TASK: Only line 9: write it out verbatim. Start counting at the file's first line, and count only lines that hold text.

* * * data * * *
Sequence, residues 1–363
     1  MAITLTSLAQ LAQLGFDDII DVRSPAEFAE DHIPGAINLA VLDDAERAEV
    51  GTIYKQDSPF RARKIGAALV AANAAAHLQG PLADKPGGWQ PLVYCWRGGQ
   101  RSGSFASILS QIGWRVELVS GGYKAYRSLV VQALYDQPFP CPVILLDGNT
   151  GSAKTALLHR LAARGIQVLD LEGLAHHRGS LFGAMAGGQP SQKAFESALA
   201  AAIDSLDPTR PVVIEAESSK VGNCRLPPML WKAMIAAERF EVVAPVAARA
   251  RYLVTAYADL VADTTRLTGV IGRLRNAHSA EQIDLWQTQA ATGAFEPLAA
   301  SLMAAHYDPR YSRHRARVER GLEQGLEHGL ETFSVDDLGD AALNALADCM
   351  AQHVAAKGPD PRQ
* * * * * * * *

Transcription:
   351  AQHVAAKGPD PRQ